From Skyscrapers to Lemon Groves: Part 3 –
Bringing back the joys of homemade pasta…Tagliatelle fatte a mano
The ritual of making homemade pasta is becoming a thing of the past, even in Italy, the homeland of homemade pasta. Barilla and Garofalo are two of the major companies that produce mass amounts of high quality pasta in Italy and abroad, making homemade pasta an unnecessary project. Younger generations also see pasta being made by hand as a time consuming annoyance that their grandparents used to do “back in the day”.
Yet homemade pasta can be a fun project, and that’s just what I decided to do one rainy Sunday morning with my cousin, whose name also happens to be Valeria! We decided to make a popular ribbon shaped pasta called Tagliatelle. The process was a little messy and a lot of fun! Below is the recipe so that you can try it at home.
Warning: This recipe is not from a cook book. It has been passed down through generations and does not use a measuring system, but rather your own eye and judgment as to what looks “right”. Cooking is a creative art. Good luck!
First, you will need:
800 kili of Flour
7 pinches of salt
A pasta making machine (available at department and kitchen stores)
Mix about half of the flour with the eggs and salt all together in a bowl until thick, kneading and folding over the dough with your hands for about 5 minutes. This is an important process because it develops the gluten in the pasta, which then gives the pasta a firm texture. Let it sit for about 30 minutes.
After the dough has been sitting for 30 minutes, use your hands to roll it into a long log form and cut in about 3 inch increments. Make sure that it is covered with enough flour so that it won’t stick!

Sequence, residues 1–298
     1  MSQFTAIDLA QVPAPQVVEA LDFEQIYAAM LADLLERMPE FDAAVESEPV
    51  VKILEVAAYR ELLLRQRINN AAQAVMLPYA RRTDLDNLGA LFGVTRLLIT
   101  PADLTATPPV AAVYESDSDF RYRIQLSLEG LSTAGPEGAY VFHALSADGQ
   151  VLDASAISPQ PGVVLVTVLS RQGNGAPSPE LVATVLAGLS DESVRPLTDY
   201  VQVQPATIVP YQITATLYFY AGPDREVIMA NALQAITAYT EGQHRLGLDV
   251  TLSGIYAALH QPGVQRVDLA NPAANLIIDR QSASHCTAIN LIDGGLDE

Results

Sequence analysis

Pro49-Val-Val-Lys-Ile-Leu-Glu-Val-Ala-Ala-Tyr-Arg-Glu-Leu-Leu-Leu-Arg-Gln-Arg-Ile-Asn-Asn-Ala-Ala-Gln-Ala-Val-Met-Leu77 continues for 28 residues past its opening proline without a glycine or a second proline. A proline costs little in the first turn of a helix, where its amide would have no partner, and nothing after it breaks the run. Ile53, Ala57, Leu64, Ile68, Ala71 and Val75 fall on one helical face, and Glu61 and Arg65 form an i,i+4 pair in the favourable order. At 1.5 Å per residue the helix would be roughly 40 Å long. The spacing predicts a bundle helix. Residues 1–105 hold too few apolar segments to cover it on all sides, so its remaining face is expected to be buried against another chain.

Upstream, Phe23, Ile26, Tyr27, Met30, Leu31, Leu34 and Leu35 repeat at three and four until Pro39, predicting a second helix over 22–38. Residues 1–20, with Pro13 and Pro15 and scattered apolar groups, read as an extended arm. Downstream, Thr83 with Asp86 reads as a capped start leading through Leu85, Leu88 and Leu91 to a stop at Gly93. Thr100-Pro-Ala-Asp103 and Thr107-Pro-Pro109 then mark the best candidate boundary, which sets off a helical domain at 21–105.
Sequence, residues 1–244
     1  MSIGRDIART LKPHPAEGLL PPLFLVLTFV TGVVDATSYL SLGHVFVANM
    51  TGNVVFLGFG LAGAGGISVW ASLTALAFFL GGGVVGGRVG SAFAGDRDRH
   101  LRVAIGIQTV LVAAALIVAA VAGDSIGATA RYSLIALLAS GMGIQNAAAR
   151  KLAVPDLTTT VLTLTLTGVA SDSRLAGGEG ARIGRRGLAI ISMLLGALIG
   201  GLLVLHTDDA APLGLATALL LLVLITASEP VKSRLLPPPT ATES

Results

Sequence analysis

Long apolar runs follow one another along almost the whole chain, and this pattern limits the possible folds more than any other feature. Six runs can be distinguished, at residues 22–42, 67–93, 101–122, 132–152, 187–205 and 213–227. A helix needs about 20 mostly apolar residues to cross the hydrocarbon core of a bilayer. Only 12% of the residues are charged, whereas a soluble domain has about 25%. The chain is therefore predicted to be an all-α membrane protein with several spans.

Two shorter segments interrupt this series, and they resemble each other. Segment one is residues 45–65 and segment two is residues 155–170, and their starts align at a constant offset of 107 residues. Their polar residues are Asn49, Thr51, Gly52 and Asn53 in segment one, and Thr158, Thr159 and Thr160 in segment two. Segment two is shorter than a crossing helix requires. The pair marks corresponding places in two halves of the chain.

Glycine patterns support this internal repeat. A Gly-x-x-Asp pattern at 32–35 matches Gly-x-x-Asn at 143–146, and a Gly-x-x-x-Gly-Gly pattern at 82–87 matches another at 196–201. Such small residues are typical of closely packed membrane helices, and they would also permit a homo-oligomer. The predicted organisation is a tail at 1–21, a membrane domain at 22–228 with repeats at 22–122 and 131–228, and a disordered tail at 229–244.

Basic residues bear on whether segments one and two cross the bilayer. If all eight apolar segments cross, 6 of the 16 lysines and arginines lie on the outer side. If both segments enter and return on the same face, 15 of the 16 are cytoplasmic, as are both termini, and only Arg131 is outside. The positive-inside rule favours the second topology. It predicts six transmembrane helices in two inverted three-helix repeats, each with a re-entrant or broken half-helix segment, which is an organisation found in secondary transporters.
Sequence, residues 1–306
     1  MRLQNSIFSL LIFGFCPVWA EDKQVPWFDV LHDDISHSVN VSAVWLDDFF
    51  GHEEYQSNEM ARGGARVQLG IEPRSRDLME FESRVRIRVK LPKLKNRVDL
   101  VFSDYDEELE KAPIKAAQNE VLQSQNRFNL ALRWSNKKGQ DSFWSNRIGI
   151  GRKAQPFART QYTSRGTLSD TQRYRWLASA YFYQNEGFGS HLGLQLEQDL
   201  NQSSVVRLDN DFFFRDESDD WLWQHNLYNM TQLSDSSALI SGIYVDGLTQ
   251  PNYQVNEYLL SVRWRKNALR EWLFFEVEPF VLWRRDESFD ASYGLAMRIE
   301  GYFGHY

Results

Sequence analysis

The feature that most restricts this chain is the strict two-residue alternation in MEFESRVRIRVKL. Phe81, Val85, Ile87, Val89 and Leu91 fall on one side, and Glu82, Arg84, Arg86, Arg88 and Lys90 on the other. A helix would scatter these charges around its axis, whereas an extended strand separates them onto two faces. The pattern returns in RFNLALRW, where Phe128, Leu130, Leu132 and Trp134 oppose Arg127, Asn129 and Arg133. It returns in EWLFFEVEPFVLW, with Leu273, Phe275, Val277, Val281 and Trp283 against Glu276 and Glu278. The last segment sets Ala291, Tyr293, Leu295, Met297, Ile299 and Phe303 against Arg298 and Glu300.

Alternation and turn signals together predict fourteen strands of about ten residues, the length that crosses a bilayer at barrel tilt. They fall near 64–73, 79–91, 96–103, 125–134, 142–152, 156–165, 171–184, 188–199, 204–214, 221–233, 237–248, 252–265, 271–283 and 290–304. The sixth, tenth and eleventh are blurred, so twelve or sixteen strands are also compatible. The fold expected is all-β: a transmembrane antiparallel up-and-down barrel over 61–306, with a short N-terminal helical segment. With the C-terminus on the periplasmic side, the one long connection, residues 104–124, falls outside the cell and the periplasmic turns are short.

Flatten each 3 inch section with your hands and place it into the widest setting of a pasta roller, shown below. This will make the dough flat. There should be a variety of settings on a machine that is designed to make pasta, and we will be using three of the settings.
Next, change the setting on the machine so that it will create a longer and flatter piece of dough. Put the flat dough through again, this time creating the longer and thinner layer. Keep adding flour to the dough.
Finally, change the setting once again to cut the dough into the desired shape…in our case this will be long ribbon shapes. Put the pieces of dough back through the machine one at a time. The machine will cut the dough into long ribbons. Put the ribbons aside on a plate until all of the dough is finished. Throughout this entire process, keep the ribbons covered in flour so that they won’t stick. There should be flour on top of the dough at all times.
Boil a pot of water and throw in the pasta, separating it with a fork so the ribbons don’t stick together. Boil for about 5 minutes or until “al dente”. Keep tasting the pasta after about 3 minutes, however, to make sure it does not overcook… and voila! Talgliatelli fatte a mano!
Valeria Carrano is Fashion Director & Contributing Columnist for Italia Living.
To learn more about her, visit our About Us page.